Who Controls Social Media?Research Paper

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Role of social media in terrorism is one that is unclear for many researchers who recognize both the power of social media to disseminate unverified information widely and quickly and the power of the term "terrorism" to convey an "us vs. them" paradigm (Herzberg, Steinberg, 2012; Scanlon, 2005; Britton, 2005; Dombrowsky, 2005). Social media usage helped spread instantaneously around the world images of the death of Gaddafi. It has also helped spread messages of "terrorists," both authentic and inauthentic (Kearns, Conlon, Young, 2014). It is a tool which ultimately can aid in the rapid dissemination of information or of misinformation, and thus can help to shape public opinion in a unique way. What is unique about social media is its ability to mix authentic with inauthentic information in such a way that followers of social media are faced with the choices of either accepting the information presented them as credible or investigating the claims via third party sources. In this context, it is not surprising that Kearns, Conlon and Young (2014) assert that "lies about terrorism can be strategically employed to help a group achieve its desired goal(s) without necessitating that an attack be truthfully claimed" (p. 422). With this in mind, the role of social media becomes a significant strategic tool of groups, organizations and states wishing to shape public opinion regarding acts of terrorism.

The question is: What role do social media play in terrorism? It is hypothesized in this study that since it has been shown that states sponsor terrorism, much of what passes as "terrorism" on social media is related to false flag terrorism (Kearns, Conlon, Young, 2014) or to exercises of entrapment by state agencies. Various news outlets, journalists, scholars, and researchers have reported on both instances (Escobar, 2014; Stone, Kuznick, 2012; Windrem, Brunker, 2015). This study intends to show that social media is a tool utilized by states both to exaggerate and to capitalize on the nature, extent, and threat of terrorism.

Terrorism has been defined by the U.S. Army Operational Concept for Terrorism Counteraction as the "calculated use of violence or threat of violence to attain goals that are political, religious, or ideological in nature…through intimidation, coercion, or instilling fear" (Sebastian, p. 67). In this sense, terrorism is not restricted to ethnicity or geographical region: anyone who uses a calculated threat of violence or intimidation to instill fear may be deemed a terrorist. In fact, activist Russell Brand famously labeled American pundit and talk-show host Sean Hannity a terrorist when the latter aggressively accused a guest speaker of supporting Hamas. Likewise, researchers have identified several Western states as being sponsors of terrorist activities (Scott, 2008; Weiner, 2008; Escobar, 2014).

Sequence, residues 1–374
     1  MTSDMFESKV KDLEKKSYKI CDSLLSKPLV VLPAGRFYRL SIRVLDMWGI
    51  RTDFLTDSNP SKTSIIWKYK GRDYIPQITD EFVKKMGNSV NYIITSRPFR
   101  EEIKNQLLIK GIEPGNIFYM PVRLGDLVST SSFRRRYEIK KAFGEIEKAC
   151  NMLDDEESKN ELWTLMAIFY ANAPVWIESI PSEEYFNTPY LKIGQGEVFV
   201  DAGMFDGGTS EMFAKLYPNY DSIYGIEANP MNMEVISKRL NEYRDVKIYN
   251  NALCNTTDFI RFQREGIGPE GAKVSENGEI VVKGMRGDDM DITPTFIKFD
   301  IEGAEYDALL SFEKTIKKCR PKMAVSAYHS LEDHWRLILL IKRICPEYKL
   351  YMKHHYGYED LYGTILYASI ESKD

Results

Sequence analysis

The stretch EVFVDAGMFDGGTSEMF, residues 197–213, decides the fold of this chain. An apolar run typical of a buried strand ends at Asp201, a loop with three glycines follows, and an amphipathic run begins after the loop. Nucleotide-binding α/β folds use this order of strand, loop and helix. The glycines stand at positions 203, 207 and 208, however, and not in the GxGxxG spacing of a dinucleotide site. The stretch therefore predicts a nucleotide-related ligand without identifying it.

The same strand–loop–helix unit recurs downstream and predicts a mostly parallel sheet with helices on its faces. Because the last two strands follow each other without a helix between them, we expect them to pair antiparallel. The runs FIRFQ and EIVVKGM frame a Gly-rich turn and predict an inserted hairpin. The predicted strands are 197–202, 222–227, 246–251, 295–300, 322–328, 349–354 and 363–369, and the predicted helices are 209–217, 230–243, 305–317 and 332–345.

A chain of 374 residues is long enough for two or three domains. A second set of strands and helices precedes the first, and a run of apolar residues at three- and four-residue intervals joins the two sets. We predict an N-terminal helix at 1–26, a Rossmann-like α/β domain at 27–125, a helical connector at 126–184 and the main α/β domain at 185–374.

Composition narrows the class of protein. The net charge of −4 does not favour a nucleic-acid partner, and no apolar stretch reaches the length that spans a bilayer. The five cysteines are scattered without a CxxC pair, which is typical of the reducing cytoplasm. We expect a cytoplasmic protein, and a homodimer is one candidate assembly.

What role social media plays in terrorism depends on how states, groups and agencies prefer to use it.

II. Literature Review

The literature review was conducted first by selecting the appropriate literature using keyword searches in databases such as Sage, JSTOR, ProQuest, Questia, etc. Keyword searches were based primarily on suggested phrases from studies with which the researcher had some familiarity. The researcher used keyword searches such as "social media terrorism," which yielded studies such as Amble's (2012) "Combating Terrorism in the New Media Environment" and Cho and Wilson's (2008) "Terrorism and Media in Korea." This studies, along with ones by Scanlon (2005) and Britton (2005) suggested other keywords such "false flag terrorism," which yielded the Kearns, Conlon, and Young (2014) study. As more studies were read, more keywords suggested themselves until the researcher had accumulated a broad and deep literature collection on the subject of social media and terrorism. Most of the literature on the subject is comprised of essays based on studies of relevant research in the field.

Scanlon (2005) discusses how the term "terrorism" is a misleading one precisely because of the way that the media uses it, conjuring with it the idea of an "us" vs. "them" paradigm. Scanlon's essay is part of a discussion on the sociology of terrorism, risk, and social media in a series of essays penned by Scanlon, Britton, Dombrowsky and others, who argue the issues among one another. Scanlon (2005) is startled by "how much of the debate [is]...influenced by awareness of various events and how much of that awareness [is] media related" (p. 13). The point he makes in his essay is that "awareness" of terrorism via social media has allowed the former to take on a special significance that it would not have possessed twenty years earlier before the rise of social media made information so instantaneous and capable of being sensationalized by all the major news networks monitoring and using social media. Social ideas such as terrorism, according to Scanlon, have been largely influenced by media representation.